Over the course of the weekend, I saw clear admiration in the eyes of many college players as they hung on to their guest coaches' every word. Some of them had spirit circles at the end of the weekend to thank their coaches, and at one point, I saw Tufts B marching two-by-two as their guest coach, Frances Deschenes, led them to their next development session. I saw some of the best players in the club division break down basic skills for young college players, I saw strategy being explained to teams, and I witnessed one-on-one instruction happening on the sidelines. I saw coaches rushing the field out of excitement when their teams scored, I saw a brand new women's team win 3 games on the weekend, and I got to witness what happens when you put players from 10 different club teams together at a dinner table. I had amazing conversations with captains, players, coaches, and even parents. I left the weekend feeling incredibly challenged.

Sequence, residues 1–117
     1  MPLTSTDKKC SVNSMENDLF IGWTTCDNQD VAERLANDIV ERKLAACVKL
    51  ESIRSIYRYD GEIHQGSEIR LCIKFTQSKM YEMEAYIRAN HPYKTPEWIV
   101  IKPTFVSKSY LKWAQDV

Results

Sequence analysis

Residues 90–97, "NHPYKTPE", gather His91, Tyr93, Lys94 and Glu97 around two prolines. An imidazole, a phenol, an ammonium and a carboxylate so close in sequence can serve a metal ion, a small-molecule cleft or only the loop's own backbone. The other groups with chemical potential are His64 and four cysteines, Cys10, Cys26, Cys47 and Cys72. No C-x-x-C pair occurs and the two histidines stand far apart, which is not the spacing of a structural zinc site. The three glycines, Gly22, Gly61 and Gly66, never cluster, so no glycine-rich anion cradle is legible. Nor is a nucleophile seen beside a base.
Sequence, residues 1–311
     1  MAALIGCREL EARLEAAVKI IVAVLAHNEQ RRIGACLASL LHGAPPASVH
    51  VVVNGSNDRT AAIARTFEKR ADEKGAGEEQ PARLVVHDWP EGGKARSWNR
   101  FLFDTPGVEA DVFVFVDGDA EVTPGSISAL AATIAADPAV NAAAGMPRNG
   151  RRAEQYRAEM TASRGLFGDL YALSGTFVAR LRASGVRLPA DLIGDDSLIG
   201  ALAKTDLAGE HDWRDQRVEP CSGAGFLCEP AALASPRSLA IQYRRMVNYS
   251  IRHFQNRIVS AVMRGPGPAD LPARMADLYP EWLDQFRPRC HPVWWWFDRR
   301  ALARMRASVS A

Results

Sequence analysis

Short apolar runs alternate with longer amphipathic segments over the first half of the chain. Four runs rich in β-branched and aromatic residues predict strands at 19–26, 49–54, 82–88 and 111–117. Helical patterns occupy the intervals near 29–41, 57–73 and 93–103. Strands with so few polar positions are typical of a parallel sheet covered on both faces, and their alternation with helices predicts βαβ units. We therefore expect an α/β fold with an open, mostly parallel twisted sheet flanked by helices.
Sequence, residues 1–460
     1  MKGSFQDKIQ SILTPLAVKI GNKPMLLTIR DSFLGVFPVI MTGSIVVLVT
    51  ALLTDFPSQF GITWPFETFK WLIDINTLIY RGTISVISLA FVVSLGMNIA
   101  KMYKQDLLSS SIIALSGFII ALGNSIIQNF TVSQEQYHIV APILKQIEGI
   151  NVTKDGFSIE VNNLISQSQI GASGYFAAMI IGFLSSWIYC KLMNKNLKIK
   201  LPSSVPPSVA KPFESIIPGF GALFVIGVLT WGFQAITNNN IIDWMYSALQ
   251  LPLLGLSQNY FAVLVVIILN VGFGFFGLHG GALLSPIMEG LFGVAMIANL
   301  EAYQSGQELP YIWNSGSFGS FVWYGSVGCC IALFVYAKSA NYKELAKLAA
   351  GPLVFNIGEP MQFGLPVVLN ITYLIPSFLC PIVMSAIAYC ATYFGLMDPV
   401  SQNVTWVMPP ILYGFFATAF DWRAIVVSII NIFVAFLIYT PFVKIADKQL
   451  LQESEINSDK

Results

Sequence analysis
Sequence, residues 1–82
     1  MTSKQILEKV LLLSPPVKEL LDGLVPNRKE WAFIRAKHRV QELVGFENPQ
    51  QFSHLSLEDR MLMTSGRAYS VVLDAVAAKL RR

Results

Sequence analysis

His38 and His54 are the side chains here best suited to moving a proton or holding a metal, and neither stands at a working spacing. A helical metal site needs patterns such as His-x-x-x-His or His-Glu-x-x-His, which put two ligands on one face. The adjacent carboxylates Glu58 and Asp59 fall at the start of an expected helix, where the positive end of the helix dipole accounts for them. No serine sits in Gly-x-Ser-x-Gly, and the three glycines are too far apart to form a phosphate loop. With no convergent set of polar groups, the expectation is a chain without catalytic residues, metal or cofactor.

I had the privilege of (unexpectedly) teaching a development session on "Building A College Program," and the focus and engagement from the players in attendance floored me. It reminded me that these players love their teams and our sport as much as my teammates at the elite club level. I believe that the development of the women's division involves raising both the ceiling and the floor. It is not enough to just serve the top of the women's division, and the opportunities for the middle and lower tier teams may have to look radically different than it does for the teams at the top.

The feedback surveys are showing overwhelming positive feedback about the coaches. "I learned so much" and "(Insert Coach Name) was AMAZING!" are recurring themes in the feedback.